Technological minimisation strategies of acrylamide in bakery products with special vegetable ingredients
Acrylamide is considered carcinogenic and should therefore be avoided as far as possible. It is formed during the dry heating of carbohydrate-rich foods, especially starchy foods. Acrylamide is mainly formed during the reaction of the amino acid asparagine and reducing sugars such as glucose. Low water content and high temperature are favourable, which is particularly the case in the production of baked goods.
Acrylamide is also produced during the baking of special products that are refined with vegetable ingredients, such as baked goods with potatoes, carrots, olives, sunflower seeds and roasted onions. In Germany alone, about 100,000 tonnes of such products are produced, about two per cent of the total baked goods production. It is known that the special ingredients favour the formation of acrylamide compared to standard baked goods. Preliminary studies showed that these refined products significantly exceed the EU guideline values for acrylamide of 50 μg/kg for wheat bread and 100 μg/kg for non-wheat bread (Regulation (EU) 2017/2158).
The aim of this research project is to develop a successful strategy to minimise acrylamide in bakery products with special vegetable ingredients.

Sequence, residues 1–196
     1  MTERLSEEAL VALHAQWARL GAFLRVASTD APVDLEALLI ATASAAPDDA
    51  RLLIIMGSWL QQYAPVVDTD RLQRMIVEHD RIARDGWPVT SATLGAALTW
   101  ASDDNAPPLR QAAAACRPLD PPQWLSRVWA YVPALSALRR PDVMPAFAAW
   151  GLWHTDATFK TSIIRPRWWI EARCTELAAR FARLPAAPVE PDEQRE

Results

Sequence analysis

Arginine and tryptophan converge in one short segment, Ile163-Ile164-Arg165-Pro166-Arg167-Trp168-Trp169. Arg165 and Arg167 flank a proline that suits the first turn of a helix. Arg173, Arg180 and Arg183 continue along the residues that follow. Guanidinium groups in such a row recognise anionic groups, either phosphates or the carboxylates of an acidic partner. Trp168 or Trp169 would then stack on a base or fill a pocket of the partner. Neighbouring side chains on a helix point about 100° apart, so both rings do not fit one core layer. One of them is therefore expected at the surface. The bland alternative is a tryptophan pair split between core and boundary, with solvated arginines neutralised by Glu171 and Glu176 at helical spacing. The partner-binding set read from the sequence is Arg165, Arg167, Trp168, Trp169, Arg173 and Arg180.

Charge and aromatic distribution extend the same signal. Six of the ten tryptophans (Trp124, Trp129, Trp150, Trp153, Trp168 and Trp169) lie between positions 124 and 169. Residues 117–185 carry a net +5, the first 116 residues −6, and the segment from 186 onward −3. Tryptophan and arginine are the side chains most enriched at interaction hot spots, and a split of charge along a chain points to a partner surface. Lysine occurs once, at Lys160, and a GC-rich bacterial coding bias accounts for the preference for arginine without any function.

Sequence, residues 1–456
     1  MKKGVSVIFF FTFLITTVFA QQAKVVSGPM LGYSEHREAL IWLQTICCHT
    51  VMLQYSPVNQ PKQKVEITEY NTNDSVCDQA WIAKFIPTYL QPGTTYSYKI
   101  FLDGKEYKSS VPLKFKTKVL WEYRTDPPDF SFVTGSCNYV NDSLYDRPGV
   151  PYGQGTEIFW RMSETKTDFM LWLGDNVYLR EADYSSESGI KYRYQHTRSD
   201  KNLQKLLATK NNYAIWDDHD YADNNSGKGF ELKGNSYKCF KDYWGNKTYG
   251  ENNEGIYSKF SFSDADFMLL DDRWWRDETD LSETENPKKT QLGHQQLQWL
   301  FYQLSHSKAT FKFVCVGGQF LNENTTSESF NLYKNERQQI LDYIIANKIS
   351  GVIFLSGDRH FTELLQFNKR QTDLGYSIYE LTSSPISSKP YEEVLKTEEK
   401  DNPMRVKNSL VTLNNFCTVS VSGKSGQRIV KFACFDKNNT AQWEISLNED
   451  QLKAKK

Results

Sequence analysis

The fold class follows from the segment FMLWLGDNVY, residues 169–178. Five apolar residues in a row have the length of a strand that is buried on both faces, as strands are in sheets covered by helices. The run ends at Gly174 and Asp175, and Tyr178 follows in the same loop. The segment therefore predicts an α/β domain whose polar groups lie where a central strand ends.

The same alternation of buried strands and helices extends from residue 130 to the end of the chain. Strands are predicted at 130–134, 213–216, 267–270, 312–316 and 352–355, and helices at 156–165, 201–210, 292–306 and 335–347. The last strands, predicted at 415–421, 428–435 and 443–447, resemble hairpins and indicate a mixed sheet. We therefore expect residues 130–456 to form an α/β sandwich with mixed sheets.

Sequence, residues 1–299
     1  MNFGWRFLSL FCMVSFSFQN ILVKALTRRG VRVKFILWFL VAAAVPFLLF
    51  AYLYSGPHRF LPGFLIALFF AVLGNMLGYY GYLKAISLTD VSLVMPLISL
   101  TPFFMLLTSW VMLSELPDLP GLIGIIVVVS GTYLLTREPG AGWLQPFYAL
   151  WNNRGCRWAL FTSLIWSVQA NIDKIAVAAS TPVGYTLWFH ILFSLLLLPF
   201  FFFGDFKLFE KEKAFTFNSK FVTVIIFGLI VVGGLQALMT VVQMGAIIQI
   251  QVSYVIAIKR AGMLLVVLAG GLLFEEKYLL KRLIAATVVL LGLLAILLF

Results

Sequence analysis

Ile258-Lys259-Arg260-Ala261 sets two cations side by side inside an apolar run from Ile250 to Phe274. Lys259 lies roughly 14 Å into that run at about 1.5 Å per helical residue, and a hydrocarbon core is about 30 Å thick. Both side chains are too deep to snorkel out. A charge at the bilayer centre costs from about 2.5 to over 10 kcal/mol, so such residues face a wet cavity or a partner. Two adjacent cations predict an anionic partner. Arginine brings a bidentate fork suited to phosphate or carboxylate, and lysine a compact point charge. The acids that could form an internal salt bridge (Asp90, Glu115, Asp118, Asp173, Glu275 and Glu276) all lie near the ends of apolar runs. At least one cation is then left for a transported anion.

Important for SMEs
Speciality bakery products are of growing importance and offer small and medium-sized enterprises (SMEs) in particular the opportunity to position themselves in the market. The research results of this project enable these companies to maintain and expand their product portfolio without exceeding the established guideline values for acrylamide. Compliance with the guideline values is essential for the quality and safety of the goods, and is also a prerequisite for these products to be distributed by retailers.
The Institute for Food and Environmental Research (ILU) is participating in this project. The scientists are investigating the contents of starch, short-chain carbohydrates and free amino acids in the special ingredients and how these affect the formation of acrylamide. Similar tests are being carried out for the secondary plant substances. By regulating temperature and yeast fermentation, the ILU staff want to reduce the acrylamide content in baking experiments in a very practical way. In addition, the institute analyses how the special ingredients, for example carrot pieces and potato flakes, influence the acrylamide content. For example, it evaluates which substances migrate into the dough and to what degree.
Source for this text: Communication/project application FEI
01.11.2021 bis 31.10.2023
Federal Ministry for Economic Affairs and Climate Protection (BMWi) via (AiF)/(FEI)
AiF 22209 BG
Alexander Voß (Dipl.-Ing)
University of Hohenheim, Technical University of Munich, Association of German Industrial Bakeries